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Gattiker, Thomas F.; Lowe, Scott E. – Chronicle of Higher Education, 2012
Electronic textbooks, often lauded as a cheaper alternative to hard copies, may also seem like a perfect way for colleges to reduce their greenhouse-gas emissions. Many institutions encourage use of e-books, and one state, California, has required that all textbooks used in college classes be made available electronically by 2020. In a sign of…
Descriptors: Internet, Textbooks, Educational Technology, Electronic Publishing
Berrett, Dan – Chronicle of Higher Education, 2012
Scholarly groups have long served as hubs of academic life and the embodiments of their disciplines, but they face uncertain and divergent futures. Some disciplinary associations are struggling to remain relevant and financially viable as demographic and technological changes threaten their traditional sources of revenue. The core of their…
Descriptors: College Faculty, Tenure, Group Membership, Faculty Organizations
Young, Jeffrey R. – Chronicle of Higher Education, 2012
The story of one University of Maine student's quest for a reasonably priced textbook reveals just how complicated course materials have become as the textbook industry makes its awkward transition from print to digital. The student is Luke Thomas, a senior majoring in business on the Orono campus, who last semester took a 250-person introductory…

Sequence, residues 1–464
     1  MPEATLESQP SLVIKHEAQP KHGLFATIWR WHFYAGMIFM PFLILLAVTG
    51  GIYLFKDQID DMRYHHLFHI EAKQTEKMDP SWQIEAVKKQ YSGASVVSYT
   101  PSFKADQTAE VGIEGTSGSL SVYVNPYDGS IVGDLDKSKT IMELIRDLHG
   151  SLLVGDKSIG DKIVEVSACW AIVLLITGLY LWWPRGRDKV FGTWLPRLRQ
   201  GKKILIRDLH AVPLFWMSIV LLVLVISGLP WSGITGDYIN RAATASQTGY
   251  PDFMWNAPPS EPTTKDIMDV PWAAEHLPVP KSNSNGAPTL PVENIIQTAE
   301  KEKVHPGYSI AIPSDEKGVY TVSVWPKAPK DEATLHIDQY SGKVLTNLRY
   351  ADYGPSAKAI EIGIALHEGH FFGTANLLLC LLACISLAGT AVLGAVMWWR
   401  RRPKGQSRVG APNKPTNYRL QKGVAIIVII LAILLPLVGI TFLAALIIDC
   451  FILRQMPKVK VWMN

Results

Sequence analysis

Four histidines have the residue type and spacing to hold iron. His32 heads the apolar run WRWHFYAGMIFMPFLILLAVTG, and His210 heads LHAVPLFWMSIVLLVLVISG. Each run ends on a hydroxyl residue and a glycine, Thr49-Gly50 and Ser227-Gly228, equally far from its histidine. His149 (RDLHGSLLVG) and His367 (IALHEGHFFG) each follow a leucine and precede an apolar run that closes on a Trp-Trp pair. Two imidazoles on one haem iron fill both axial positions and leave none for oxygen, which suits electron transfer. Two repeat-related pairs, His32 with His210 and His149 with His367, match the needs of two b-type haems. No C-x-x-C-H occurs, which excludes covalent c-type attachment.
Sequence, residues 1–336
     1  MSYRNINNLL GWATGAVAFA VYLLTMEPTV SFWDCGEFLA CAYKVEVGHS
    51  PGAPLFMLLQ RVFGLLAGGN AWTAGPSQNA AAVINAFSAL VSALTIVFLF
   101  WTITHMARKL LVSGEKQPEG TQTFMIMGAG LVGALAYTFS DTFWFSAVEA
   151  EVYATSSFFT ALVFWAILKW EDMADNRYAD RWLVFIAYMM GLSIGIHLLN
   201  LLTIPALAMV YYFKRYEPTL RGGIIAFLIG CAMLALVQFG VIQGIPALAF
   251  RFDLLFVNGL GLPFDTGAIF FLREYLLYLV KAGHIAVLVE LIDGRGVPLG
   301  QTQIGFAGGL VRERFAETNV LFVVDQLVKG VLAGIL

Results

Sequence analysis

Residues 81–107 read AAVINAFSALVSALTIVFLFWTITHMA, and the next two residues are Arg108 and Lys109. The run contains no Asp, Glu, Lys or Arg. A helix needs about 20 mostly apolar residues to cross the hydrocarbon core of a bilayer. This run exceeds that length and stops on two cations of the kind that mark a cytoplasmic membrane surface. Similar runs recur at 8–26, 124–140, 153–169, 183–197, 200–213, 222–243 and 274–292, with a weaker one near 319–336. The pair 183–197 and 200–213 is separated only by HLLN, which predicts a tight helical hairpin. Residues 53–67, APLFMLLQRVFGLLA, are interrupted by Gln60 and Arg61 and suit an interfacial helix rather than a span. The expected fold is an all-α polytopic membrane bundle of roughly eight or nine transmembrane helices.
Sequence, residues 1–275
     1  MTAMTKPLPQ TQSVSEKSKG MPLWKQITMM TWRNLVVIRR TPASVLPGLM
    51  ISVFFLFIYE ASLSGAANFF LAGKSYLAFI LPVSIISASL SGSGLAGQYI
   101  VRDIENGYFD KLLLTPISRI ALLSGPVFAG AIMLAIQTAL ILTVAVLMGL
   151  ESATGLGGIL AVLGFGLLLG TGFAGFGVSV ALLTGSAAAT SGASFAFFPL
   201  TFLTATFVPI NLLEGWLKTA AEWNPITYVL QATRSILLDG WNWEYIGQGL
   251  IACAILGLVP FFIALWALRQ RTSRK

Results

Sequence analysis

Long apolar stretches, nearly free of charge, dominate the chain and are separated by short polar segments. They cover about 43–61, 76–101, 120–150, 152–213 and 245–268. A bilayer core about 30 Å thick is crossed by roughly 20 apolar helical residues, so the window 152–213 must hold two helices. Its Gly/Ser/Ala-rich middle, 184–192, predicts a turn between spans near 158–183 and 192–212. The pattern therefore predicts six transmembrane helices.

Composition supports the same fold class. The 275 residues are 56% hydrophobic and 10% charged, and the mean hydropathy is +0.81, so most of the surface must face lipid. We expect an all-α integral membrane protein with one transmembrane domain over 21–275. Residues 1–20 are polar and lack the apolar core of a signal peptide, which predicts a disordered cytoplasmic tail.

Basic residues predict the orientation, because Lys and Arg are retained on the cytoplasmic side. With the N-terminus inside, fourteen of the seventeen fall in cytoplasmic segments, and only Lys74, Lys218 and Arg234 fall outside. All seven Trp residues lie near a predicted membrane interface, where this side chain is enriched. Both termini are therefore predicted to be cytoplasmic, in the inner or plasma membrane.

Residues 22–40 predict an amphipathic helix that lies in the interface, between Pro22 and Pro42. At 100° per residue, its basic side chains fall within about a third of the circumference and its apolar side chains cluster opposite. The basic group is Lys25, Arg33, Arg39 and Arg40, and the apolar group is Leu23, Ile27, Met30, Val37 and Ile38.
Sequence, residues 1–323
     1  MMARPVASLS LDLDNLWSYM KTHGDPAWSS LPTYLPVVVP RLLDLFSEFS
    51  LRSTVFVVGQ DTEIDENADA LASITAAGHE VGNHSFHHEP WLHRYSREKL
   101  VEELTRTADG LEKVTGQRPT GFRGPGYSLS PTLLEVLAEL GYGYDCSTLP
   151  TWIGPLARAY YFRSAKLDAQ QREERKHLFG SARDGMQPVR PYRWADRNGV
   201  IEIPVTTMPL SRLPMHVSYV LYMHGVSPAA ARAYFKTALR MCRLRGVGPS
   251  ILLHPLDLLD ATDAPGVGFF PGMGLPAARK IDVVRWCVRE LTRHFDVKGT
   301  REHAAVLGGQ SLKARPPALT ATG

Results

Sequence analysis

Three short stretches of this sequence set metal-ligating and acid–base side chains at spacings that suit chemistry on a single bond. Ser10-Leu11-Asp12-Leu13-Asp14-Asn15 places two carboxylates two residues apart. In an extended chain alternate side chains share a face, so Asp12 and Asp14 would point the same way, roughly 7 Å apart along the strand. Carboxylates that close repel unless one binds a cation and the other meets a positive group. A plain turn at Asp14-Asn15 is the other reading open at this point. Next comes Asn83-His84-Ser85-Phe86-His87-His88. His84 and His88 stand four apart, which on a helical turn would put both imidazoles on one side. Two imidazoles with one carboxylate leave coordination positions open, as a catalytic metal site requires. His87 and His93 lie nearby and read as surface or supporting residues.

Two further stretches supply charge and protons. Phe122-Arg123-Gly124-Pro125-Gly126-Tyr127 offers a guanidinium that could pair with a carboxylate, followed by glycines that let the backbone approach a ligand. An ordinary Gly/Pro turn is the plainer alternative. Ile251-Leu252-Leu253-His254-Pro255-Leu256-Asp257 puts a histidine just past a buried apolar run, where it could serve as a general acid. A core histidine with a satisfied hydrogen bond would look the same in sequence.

Descriptors: Internet, Online Systems, Textbooks, Costs
Lipka, Sara – Chronicle of Higher Education, 2009
Higher education traffics in reputations. To thrive as an institution means keeping up with competitors while setting yourself apart. But as good as colleges have become at building brands, the game is shifting to social media, where there is perpetual motion and little control. Data from the Center for Marketing Research at the University of…
Descriptors: Higher Education, Web Sites, Electronic Publishing, Marketing
Howard, Jennifer – Chronicle of Higher Education, 2009
Senior scholars, the A-list of academic publishing, seem to submit fewer unsolicited manuscripts to traditional humanities journals than they used to. The journal has become, with very few exceptions, the place where junior and midlevel scholars are placing their work. Technology and changing habits have called into question the nature of the…
Descriptors: Periodicals, Internet, Humanities, Influence of Technology